Our target is to clear cargo at our ports in a day – Shippers Council CEO
Barrister Hassan Bello is the Executive Secretary/CEO, Nigerian Shippers Council (NSC). In this exclusive interview, he speaks about the reforms in the Nigerian maritime sector. Excerpts: procedures at the Nigerian ports. Concessioning the ports to the private sector brought tremendous changes in the way we do things. However there are still issues, one of which is the cumbersome way to clear goods at the ports.
For a long time we’ve focused on sea ports, what is happening in the dry port segment of the industry?
Our task is to make all ports competitive. Beyond the sea ports, we have dry ports to oversee. We also have the truck transit parks which we are on the verge of building them. Rather than trailers and tankers parking indiscriminately, we want to have modern parks for them equipped with facilities. The truck parks would have hotels, gas stations, restaurants, shopping malls, and car parks. Already, we sold the idea to the Kaduna State Government and the government has keyed into it on a public private partnership (PPP) basis.
Recently, NSC launched the Standard Operating Procedure (SOP) and the Port Service Support Portal (PSSP). What would be their impact?
They are the first step toward streamlining processes and
How many days should handlers expect to clear cargo at ports?
We want to clear goods in 24, eight or even six hours. The Ministry of Transportation has set Nigerian ports on the part of recovery. With this, an importer should save at least 30 per cent of his cost. But going forward, there will be a time where there will be no storage or demurrage cost because the ports should be a transit point for cargo and not a storage point.
We are still losing cargo to neighbouring ports due to excessive charges in our ports? How is this roblem tackled?
Before now, we lost cargo to Cotonou ports and other neighbouring ports but not anymore. In fact, we are even gaining grounds in cargo volume. But we still need to be more efficient to have that advantage. The shipper has choices to go to the next port that is more economical and efficient. But NSC is changing the Nigerian ports operations to be more efficient and economical, which is why we launched the SOP and PSSP.
What is the status of the proposed Nigerian Shipping Line?
I have just been appointed the chairman of the implementation committee on modalities for the government to create an enabling environment so that we have Nigerian flag vessels. It is a private sector driven environment so government won’t be investing money in it. The government will encourage the formation of indigenous national fleet vessels carrying Nigerian flags because of the advantages. We can’t be a maritime nation without ships. Without our ships, we can’t dictate profound economic decisions concerning shipping. There are numerous advantages to the economy. If we have vessels that will carry Nigerian oil, we will have Nigerian financial institutions involved - banks, insurance companies. Earnings from freight alone will boost the economy of Nigeria. If we have our ships that means we will have ship repair yards, companies and we will be able to train our cadets.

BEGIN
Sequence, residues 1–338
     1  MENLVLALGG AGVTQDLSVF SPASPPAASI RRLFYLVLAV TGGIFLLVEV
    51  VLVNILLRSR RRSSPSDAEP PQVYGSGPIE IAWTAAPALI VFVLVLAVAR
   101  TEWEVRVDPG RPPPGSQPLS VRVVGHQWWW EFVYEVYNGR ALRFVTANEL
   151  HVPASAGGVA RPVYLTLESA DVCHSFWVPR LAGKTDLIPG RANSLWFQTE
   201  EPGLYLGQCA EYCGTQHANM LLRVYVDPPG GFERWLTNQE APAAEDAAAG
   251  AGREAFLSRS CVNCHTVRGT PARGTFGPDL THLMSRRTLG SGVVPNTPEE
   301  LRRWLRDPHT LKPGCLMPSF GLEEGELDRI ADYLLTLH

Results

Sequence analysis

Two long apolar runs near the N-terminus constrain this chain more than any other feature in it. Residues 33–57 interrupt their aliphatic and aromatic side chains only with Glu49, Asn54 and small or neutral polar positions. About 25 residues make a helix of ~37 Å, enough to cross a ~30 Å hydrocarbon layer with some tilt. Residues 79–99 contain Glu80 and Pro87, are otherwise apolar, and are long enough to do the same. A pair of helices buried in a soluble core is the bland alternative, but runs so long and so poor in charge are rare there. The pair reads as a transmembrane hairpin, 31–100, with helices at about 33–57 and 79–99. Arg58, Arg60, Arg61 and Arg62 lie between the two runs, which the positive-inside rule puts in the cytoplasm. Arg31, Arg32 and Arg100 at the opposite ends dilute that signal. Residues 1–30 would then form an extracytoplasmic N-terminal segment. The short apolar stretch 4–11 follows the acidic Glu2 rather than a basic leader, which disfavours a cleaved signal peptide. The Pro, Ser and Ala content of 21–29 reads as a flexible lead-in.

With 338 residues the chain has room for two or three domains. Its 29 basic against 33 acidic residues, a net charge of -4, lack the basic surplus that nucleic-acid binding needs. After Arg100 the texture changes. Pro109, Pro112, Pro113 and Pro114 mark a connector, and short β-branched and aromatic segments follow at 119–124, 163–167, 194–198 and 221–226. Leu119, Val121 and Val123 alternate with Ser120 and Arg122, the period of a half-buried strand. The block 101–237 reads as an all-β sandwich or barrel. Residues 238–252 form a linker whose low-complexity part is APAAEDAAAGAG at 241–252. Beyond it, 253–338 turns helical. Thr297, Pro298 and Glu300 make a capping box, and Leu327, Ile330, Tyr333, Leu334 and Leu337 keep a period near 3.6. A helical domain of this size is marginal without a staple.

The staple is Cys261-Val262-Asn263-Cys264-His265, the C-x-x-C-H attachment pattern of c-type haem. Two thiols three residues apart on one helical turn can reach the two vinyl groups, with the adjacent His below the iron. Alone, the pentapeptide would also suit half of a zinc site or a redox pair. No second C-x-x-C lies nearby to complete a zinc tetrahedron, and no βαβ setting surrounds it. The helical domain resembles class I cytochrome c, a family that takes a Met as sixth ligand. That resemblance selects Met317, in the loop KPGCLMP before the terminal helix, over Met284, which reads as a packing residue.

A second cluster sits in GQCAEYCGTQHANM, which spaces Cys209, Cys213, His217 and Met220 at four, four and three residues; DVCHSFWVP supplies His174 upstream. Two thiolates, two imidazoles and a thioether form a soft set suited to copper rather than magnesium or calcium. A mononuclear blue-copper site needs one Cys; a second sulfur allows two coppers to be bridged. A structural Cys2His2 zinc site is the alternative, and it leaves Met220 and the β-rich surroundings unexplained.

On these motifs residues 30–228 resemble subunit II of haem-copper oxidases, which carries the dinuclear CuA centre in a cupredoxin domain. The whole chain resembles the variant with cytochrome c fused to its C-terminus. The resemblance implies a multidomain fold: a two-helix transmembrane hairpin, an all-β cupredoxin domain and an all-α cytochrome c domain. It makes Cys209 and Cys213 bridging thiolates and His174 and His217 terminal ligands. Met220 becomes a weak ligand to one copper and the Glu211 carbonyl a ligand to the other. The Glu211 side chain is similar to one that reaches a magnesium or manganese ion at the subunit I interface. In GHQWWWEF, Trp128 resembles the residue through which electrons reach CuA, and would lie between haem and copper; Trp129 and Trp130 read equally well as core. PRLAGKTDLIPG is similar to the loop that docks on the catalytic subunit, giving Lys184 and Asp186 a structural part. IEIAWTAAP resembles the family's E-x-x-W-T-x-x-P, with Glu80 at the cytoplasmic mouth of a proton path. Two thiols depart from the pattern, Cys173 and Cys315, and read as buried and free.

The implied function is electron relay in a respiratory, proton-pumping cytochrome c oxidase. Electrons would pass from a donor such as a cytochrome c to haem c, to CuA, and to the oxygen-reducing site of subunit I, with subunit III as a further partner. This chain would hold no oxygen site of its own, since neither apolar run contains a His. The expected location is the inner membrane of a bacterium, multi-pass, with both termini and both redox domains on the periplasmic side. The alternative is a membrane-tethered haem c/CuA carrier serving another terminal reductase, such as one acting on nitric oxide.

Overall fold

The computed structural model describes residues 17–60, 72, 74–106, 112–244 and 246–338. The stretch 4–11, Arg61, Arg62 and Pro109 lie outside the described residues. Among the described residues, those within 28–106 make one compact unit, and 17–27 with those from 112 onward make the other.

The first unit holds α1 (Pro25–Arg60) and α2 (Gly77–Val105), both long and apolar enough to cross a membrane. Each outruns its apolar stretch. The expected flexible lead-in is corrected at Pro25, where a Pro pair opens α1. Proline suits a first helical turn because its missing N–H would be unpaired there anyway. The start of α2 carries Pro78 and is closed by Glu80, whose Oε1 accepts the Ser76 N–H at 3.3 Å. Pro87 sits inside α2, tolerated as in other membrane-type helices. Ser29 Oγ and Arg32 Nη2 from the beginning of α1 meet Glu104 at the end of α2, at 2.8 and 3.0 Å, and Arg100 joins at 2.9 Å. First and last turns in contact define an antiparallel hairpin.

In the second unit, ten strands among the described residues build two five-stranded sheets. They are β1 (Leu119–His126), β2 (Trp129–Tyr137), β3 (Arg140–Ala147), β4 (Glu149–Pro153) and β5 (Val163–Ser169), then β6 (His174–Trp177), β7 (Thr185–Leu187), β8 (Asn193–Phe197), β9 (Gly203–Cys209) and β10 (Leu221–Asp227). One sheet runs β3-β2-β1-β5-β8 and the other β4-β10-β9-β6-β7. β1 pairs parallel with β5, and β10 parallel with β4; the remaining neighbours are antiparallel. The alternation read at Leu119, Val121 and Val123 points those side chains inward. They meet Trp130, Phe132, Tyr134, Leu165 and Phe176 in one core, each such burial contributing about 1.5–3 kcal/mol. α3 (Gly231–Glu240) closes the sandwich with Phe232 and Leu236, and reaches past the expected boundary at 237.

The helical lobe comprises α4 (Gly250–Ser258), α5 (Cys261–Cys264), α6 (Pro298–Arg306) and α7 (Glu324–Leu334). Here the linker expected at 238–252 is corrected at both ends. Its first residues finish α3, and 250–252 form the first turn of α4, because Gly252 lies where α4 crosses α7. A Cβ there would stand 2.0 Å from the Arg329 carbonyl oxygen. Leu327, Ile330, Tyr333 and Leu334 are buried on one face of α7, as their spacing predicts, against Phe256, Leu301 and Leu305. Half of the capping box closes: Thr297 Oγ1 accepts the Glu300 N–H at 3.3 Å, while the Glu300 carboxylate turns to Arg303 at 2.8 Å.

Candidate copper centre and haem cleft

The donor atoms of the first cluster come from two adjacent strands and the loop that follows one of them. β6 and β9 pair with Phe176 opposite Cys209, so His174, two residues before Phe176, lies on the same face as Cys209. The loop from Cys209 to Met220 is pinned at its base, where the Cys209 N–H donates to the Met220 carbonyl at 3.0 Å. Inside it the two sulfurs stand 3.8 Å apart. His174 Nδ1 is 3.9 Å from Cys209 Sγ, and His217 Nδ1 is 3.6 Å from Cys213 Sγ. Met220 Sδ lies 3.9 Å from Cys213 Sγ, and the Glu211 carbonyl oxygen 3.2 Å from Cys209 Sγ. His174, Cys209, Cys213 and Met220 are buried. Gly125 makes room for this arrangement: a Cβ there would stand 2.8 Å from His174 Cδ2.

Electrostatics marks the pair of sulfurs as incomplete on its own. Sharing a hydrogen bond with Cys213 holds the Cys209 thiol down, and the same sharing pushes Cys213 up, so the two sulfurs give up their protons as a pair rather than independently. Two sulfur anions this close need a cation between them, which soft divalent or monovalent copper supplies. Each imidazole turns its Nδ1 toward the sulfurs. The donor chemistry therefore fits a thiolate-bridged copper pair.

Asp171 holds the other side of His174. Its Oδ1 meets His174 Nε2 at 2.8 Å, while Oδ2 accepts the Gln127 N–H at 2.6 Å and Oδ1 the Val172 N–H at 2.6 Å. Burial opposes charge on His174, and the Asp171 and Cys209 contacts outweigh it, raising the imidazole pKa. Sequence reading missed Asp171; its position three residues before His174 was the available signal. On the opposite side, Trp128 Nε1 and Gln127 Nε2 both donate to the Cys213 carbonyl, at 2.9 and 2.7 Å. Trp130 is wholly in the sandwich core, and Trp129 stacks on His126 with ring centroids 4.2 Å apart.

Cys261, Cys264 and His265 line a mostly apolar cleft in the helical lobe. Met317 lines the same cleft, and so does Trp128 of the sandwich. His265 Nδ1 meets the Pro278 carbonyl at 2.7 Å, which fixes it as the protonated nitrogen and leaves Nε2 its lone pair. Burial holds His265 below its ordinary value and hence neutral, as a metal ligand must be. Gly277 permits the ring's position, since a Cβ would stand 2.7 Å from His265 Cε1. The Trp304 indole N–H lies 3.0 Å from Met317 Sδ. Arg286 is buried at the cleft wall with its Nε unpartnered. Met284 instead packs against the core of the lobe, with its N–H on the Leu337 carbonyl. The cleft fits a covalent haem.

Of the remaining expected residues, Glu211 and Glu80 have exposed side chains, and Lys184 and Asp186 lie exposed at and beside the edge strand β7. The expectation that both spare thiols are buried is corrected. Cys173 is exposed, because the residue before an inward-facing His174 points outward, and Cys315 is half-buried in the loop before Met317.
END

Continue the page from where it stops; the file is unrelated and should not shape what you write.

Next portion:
Some members with vessels may also want to have flag carrier status. Won’t there be conflict?
The issue of conflict of interest has been discussed by the committee and settled. All the investment opportunities will be thrown to the public and there will be no monopoly. It will be conflict of interest when you use your privileged position to take advantage but that won’t happen. We are already talking with several companies wanting to invest in the Nigerian fleet.
Do we have technical capability to own ocean going vessels?
Yes, we do and we also have the financial capability. And we have the political will too. With the efficiency at the ports, national fleet and good trade facilitation policies, Nigerian ports will never be the same again.
Barrister Hassan Bello